@ThomasTu the only side effects I’ve had if they are even side effects is a weird feeling under my right rib cage which usually comes if I eat outside of my ordinary diet like fried foods etc. other than that I have not had any side effects. I do a lot of cardio daily and it tends to make me feel better most days if I’ve broken a sweat.
Great to hear, @Jared_Kent . Many people talk about possible side-effects (see here), but I think it’s also important to hear from those that don’t experience any, because in my experience the majority don’t.
Thank you very much.
My Dr stated now that I am clear of the virus I can no longer transmit it to someone else. I have 2 younger children and my wife at homewhich concerns me. They are getting the vaccine but it is a 6 month process.
I still have fears they could get it. I would love a second opinion.
If you HBV DNA is negative/undetectable, there is no risk of transmission.
Hope this helps,
Yes. It does help, There was a lot of confusion with all my blood tests, lost tests, wrong tests and the simple fact I’m not in the high risk categories but still contracted hep B left me slightly skeptical. And its good to have things confirmed.
No problem, @Perry. You raise a good point about “high-risk” categories and the slow realisation in the scientific/medical community that many people fall outside of these definitions may have hep B. For your information, there is now a growing movement pushing for universal screening (i.e. everyone should know their hep b status).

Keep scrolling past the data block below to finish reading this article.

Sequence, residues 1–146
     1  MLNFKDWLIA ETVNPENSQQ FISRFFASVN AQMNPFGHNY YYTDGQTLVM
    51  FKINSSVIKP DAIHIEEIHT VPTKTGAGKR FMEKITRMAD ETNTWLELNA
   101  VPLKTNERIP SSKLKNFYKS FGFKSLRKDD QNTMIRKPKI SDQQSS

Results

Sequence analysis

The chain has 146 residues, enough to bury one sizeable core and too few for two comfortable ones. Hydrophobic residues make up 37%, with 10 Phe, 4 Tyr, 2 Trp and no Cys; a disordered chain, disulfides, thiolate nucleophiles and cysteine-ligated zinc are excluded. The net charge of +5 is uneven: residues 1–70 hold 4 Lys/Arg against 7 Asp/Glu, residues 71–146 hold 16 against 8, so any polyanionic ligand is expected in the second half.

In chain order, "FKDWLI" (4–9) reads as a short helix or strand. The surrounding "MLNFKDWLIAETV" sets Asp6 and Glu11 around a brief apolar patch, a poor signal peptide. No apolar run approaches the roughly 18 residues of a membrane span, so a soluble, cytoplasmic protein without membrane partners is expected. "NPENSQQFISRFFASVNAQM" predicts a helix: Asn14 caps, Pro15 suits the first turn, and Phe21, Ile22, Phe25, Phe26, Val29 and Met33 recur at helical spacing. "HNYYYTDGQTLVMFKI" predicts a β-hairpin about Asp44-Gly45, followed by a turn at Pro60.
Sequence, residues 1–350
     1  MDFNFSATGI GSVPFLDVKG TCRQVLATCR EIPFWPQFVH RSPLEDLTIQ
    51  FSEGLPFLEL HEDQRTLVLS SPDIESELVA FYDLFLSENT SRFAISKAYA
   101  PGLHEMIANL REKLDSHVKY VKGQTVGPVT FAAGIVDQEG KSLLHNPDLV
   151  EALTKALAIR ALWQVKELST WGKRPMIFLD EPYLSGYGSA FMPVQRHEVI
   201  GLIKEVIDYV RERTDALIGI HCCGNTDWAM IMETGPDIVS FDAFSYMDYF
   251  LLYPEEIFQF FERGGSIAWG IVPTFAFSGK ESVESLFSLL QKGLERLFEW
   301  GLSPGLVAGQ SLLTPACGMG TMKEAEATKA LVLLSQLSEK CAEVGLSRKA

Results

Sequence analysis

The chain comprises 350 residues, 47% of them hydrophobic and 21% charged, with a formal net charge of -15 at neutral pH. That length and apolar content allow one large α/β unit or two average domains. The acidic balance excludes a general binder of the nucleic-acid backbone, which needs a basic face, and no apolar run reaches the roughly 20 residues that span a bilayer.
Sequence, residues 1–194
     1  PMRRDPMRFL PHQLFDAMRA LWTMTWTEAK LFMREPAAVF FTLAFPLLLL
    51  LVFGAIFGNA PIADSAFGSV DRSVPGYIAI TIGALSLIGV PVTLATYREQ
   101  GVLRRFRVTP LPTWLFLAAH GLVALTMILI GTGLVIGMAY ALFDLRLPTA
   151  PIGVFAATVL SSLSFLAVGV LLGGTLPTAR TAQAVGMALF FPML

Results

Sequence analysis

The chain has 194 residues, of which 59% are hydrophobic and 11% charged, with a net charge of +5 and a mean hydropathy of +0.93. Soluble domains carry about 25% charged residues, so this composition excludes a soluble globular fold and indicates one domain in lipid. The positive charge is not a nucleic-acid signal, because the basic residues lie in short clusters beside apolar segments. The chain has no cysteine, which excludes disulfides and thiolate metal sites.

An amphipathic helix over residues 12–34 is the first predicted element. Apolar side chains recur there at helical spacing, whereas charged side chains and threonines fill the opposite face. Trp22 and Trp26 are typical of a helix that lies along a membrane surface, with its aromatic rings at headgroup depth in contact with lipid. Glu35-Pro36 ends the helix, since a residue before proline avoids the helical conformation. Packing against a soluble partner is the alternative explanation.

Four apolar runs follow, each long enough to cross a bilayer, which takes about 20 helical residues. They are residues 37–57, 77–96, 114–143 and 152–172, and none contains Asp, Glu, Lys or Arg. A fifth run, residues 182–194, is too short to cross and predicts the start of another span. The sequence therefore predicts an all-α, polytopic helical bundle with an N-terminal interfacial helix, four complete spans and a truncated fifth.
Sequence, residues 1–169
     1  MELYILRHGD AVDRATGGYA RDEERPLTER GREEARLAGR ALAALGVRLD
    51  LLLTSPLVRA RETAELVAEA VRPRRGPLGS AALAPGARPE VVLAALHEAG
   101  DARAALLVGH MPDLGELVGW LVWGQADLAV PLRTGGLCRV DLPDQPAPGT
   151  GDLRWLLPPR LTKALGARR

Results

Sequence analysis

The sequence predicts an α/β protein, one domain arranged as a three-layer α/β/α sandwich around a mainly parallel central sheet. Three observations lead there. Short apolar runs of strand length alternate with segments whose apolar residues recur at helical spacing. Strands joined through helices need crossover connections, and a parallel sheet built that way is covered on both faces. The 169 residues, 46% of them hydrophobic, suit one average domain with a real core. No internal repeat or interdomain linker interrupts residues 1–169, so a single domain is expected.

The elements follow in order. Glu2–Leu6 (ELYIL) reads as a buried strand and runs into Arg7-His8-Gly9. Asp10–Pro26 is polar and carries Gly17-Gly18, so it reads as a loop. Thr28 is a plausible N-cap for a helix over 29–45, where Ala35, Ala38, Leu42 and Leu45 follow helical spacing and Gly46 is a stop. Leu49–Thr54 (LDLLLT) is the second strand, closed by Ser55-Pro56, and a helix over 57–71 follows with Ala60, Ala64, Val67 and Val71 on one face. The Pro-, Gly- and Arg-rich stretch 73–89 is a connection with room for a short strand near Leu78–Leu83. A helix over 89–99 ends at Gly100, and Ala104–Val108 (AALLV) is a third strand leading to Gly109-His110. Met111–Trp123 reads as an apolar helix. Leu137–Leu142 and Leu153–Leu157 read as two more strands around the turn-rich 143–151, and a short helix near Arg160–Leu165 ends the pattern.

I am way. 43 years old from China to US.I know I have hep B 20 years+, but do not really seriously concern about it. Until recently I do my physical check, and my doctor remind me.
Nice to join this community.
Welcome to the community, @wayyan.
Hope you find it useful!
A post was split to a new topic: Hepatitis B and Hepatitis Delta
Hello everyone, my name is Ismail from Nigeria, I discovered that I’m hep B positive in year 2020 after I noticed that I am having constant malaria, I used to donate blood before even I donated blood in year 2018 and I was okay then, the challenges I’m facing here is that the cost of getting to know your viral load and the likes here is too high and the great mistakes I made was that, I went for the test when I’m about to get marry, I’m hep b positive and my wife to be was negative and she got vaccinated but we didn’t wait for 6 months and I didn’t undergone any treatment before we wed and she’s now 4 months pregnant, I don’t know what to do next because I knew what I went through before I could convinced her to marry me then. Please I need your advice.
I’m glad that I was accepted into the community.
I have chronic hb infection which was diagnosed 12yrs ago. I started treatment 6yrs ago and have achieved viral suppression. HBV DNA load has been consistently found to be undetected a year after I started the treatment.
At the beginning my doctor said I would have to treat the infection with Tenofovir for 2years. However, I’m currently in the 6th year since I commenced the treatment and he didn’t ask me to stop.
Recently, while I’m in Poland, I ran out of medication. It took me about 7 weeks to resume treatment due to unavailability of 300mg of Tenofovir in Poland. Thus, I had to import the drug from my country.